Pear Bureau Northwest is stressing the need for a conditioning program at retail stores. ( Courtesy Pear Bureau Nothwest )

The Pear Bureau Northwest plans an “aggressive” reintroduction of a conditioned pear program, and is teaming up with the National Mango Board to drive home to retailers the importance of stocking ready-to-eat fruit.

According to a news release from the pear group, mangoes and pears have a “similar opportunity” to discuss ripe fruit programs with retailers.

“Many retailers also understand the consumer’s desire for ripe, great-tasting fruit, so we are redoubling our efforts to show them how they can achieve that through a conditioning program,” Kevin Moffitt, president and CEO of Pear Bureau Northwest, said in the release.

In announcing the ripe fruit initiative, the pear group cites a 2014 Usage and Attitude Study by Fusion Marketing. According to the study, most consumers want to eat pears within one to three days after purchase.

The Pear Bureau has actively promoted a ripe program for years, and 42 U.S. and Canadian retailers have a conditioned pears program, according to the release. But growth in the program has slowed in recent years.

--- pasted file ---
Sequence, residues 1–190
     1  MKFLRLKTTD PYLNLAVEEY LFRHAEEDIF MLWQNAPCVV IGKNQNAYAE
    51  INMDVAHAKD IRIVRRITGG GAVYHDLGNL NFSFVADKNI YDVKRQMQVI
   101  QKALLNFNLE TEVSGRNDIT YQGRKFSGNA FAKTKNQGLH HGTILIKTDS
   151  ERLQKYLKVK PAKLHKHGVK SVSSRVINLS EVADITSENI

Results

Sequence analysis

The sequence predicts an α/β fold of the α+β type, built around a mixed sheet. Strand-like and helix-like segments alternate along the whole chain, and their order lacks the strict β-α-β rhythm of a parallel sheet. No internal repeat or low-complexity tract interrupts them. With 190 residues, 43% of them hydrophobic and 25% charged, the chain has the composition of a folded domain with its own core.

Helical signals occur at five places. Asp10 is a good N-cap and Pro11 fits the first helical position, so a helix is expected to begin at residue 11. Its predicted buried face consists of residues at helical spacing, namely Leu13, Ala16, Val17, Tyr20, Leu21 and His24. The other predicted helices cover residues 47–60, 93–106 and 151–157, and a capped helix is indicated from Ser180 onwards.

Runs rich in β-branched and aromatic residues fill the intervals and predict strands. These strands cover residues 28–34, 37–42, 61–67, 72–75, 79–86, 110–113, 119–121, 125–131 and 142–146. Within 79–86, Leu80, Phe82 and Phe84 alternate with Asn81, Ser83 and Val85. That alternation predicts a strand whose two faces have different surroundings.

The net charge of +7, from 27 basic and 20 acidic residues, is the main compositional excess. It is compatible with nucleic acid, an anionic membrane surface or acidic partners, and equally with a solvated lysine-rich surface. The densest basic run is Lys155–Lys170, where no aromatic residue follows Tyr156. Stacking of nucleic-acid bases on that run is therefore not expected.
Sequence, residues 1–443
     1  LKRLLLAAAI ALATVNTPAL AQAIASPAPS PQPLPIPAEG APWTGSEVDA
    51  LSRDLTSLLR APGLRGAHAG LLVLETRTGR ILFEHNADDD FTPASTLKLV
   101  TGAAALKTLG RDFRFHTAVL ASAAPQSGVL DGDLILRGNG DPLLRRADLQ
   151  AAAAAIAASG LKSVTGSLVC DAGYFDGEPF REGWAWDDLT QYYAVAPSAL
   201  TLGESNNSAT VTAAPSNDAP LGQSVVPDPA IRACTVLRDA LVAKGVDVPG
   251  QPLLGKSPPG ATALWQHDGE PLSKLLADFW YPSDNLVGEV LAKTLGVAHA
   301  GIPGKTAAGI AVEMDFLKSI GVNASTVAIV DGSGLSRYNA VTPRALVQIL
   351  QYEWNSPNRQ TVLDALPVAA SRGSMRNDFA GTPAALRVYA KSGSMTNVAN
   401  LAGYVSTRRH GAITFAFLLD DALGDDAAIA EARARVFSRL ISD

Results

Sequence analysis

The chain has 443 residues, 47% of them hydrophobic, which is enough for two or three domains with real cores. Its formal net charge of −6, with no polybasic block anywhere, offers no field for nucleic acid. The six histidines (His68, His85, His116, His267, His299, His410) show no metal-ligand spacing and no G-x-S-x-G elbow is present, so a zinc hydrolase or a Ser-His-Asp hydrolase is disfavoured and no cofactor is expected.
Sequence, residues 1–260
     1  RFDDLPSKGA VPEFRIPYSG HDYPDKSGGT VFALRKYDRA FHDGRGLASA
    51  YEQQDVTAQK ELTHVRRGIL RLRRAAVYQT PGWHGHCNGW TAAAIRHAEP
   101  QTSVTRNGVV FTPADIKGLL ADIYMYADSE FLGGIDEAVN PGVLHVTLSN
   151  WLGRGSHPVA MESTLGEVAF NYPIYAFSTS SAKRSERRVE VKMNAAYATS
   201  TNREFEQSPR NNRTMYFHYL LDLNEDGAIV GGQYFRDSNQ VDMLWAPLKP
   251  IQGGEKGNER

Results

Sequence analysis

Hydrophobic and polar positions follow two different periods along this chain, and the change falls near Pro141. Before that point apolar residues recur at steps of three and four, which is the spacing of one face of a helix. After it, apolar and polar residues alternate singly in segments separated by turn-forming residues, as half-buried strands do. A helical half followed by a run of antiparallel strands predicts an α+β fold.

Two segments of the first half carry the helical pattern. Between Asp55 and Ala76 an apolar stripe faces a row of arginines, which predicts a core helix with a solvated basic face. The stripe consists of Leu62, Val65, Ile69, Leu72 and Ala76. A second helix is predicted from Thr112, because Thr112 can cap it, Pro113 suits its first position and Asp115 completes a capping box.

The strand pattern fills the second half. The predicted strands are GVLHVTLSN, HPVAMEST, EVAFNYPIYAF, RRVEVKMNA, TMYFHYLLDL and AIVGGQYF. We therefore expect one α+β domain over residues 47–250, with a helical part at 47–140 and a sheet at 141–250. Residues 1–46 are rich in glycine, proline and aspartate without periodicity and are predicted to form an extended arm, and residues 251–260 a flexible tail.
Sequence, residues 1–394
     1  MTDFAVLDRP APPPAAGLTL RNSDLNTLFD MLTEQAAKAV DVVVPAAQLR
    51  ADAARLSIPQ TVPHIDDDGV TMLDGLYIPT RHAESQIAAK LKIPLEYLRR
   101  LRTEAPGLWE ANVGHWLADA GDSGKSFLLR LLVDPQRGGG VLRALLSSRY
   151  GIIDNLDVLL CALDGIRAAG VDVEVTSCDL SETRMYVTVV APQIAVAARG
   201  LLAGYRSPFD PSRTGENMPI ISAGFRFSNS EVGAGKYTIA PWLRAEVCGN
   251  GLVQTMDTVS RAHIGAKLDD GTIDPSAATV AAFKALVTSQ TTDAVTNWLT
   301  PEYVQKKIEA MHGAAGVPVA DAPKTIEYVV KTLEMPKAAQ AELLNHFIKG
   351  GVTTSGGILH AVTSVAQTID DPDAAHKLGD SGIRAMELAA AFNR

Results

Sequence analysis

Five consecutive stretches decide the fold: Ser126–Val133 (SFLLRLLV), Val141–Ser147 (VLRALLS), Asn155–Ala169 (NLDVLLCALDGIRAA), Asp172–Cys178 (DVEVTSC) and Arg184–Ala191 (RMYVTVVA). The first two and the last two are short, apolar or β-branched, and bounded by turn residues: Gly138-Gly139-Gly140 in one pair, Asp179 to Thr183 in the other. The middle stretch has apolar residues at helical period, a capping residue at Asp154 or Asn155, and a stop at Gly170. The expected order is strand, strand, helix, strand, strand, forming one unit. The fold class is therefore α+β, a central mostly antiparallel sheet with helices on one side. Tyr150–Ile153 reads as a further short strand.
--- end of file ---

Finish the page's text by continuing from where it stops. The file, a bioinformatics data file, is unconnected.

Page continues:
“The industry buzz right now is around pear flavor and getting the best-tasting fruit into consumers’ hands and stomachs,” Moffitt said in the release. “With this in mind, the Pear Bureau will be focusing resources on a refresh of the pear category, capitalizing on industry momentum, a full crop, and renewed retail interest.”

The Pear Bureau Northwest has updated the conditioned pear section on its website, which has research and data to show the effectiveness of stocking ripe pears. That includes 2012 research by the Nielsen Perishables Group, according to the release, that shows ripe pears can outsell unripe pears by almost 20%.